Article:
Polar Bears Can Swim Hundreds of Miles
Bodes well for survival in warming climate
A study published in the Canadian Journal of Zoology on Tuesday found that polar bears in the Arctic are able to swim far greater distances than previously believed. Between 2004 and 2009, researchers used GPS-enabled collars to track 52 female polar bears in the southern Beaufort Sea off the coast of Alaska. Several bears were observed making swims of around 100 miles, including one bear that swam nearly 220 miles over the course of 10 days. The study is further evidence that melting sea ice may cause polar bears to expend significant energy as they travel through the Arctic, possibly putting them at greater risk of starvation.
Read more at Reuters
Our mission to inspire readers to get outside has never been more critical. In recent years, Outside Online has reported on groundbreaking research linking time in nature to improved mental and physical health, and we’ve kept you informed about the unprecedented threats to America’s public lands. Our rigorous coverage helps spark important debates about wellness and travel and adventure, and it provides readers an accessible gateway to new outdoor passions. Time outside is essential—and we can help you make the most of it. Making a financial contribution to Outside Online only takes a few minutes and will ensure we can continue supplying the trailblazing, informative journalism that readers like you depend on. We hope you’ll support us. Thank you.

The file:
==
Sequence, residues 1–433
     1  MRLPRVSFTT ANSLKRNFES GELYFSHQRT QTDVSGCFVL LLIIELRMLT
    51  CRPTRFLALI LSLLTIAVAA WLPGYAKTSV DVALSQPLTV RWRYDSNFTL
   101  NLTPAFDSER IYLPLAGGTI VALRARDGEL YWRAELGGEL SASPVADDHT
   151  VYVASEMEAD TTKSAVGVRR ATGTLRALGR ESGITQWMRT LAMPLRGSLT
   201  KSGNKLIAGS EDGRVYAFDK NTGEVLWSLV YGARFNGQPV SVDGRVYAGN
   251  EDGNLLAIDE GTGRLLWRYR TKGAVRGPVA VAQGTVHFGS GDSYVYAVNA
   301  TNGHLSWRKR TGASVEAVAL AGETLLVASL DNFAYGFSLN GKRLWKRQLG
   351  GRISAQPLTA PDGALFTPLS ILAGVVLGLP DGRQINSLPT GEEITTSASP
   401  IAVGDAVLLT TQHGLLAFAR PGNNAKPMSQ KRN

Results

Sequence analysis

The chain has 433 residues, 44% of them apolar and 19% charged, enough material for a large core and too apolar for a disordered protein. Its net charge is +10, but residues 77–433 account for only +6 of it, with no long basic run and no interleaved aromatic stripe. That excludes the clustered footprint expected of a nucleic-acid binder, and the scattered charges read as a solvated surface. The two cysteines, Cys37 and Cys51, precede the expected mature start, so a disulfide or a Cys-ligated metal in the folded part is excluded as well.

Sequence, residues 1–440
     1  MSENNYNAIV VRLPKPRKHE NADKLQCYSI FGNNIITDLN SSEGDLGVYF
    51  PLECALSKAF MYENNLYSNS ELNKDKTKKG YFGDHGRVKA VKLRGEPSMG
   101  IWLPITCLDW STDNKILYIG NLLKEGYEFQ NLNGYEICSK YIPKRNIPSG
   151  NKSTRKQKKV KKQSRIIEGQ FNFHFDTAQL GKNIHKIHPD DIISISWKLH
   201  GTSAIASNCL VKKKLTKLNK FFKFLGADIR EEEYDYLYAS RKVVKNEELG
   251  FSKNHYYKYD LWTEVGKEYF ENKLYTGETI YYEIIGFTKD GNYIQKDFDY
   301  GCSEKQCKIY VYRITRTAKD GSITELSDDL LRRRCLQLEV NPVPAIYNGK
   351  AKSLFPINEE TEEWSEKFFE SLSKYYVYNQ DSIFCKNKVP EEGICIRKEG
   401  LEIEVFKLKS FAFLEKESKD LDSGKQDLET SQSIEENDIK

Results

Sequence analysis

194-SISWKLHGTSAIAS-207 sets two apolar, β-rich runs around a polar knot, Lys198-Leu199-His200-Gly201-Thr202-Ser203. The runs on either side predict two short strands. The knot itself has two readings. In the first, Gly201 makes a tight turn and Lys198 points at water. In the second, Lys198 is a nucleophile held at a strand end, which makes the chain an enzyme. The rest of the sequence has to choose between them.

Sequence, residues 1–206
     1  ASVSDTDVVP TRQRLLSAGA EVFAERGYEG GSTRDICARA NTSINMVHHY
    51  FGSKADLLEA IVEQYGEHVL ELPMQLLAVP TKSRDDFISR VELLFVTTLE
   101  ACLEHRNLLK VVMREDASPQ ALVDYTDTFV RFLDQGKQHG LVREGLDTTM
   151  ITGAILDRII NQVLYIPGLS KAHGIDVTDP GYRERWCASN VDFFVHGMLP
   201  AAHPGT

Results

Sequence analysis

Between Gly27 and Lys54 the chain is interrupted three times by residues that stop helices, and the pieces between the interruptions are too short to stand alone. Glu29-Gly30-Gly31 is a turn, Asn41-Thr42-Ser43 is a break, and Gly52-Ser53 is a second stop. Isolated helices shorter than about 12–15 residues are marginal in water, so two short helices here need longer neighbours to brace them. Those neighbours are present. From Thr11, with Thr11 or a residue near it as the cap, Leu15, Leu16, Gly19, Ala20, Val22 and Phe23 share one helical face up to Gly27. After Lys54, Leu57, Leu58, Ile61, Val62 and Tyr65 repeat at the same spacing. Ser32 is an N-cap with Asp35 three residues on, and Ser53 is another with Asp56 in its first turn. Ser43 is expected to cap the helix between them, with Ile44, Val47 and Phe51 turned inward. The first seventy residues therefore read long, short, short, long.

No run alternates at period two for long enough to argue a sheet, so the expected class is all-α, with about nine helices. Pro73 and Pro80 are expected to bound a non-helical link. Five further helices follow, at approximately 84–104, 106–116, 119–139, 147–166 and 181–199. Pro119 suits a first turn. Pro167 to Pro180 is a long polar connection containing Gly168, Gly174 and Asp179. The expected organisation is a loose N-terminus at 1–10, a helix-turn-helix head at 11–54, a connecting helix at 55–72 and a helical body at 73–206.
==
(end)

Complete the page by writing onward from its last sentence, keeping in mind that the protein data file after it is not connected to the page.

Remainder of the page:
Contribute to Outside →